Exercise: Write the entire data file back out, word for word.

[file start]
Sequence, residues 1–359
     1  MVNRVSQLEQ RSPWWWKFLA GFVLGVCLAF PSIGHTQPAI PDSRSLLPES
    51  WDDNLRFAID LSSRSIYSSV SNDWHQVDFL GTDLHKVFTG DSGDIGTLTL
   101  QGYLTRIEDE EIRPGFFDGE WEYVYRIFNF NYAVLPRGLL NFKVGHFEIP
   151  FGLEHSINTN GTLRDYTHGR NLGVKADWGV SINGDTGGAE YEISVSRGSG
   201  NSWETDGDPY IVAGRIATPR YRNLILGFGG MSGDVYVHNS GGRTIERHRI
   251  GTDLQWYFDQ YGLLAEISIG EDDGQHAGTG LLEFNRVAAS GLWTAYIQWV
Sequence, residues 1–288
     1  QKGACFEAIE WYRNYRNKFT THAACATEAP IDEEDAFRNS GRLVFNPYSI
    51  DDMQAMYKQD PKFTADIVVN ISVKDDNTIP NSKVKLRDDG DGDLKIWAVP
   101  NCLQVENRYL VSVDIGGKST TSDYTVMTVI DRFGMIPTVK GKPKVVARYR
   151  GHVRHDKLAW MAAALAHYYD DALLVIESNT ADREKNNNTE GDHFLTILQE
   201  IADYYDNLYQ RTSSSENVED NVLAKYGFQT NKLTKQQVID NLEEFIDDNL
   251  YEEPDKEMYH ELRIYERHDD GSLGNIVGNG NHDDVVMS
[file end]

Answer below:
Sequence, residues 1–359
     1  MVNRVSQLEQ RSPWWWKFLA GFVLGVCLAF PSIGHTQPAI PDSRSLLPES
    51  WDDNLRFAID LSSRSIYSSV SNDWHQVDFL GTDLHKVFTG DSGDIGTLTL
   101  QGYLTRIEDE EIRPGFFDGE WEYVYRIFNF NYAVLPRGLL NFKVGHFEIP
   151  FGLEHSINTN GTLRDYTHGR NLGVKADWGV SINGDTGGAE YEISVSRGSG
   201  NSWETDGDPY IVAGRIATPR YRNLILGFGG MSGDVYVHNS GGRTIERHRI
   251  GTDLQWYFDQ YGLLAEISIG EDDGQHAGTG LLEFNRVAAS GLWTAYIQWV
Sequence, residues 1–288
     1  QKGACFEAIE WYRNYRNKFT THAACATEAP IDEEDAFRNS GRLVFNPYSI
    51  DDMQAMYKQD PKFTADIVVN ISVKDDNTIP NSKVKLRDDG DGDLKIWAVP
   101  NCLQVENRYL VSVDIGGKST TSDYTVMTVI DRFGMIPTVK GKPKVVARYR
   151  GHVRHDKLAW MAAALAHYYD DALLVIESNT ADREKNNNTE GDHFLTILQE
   201  IADYYDNLYQ RTSSSENVED NVLAKYGFQT NKLTKQQVID NLEEFIDDNL
   251  YEEPDKEMYH ELRIYERHDD GSLGNIVGNG NHDDVVMS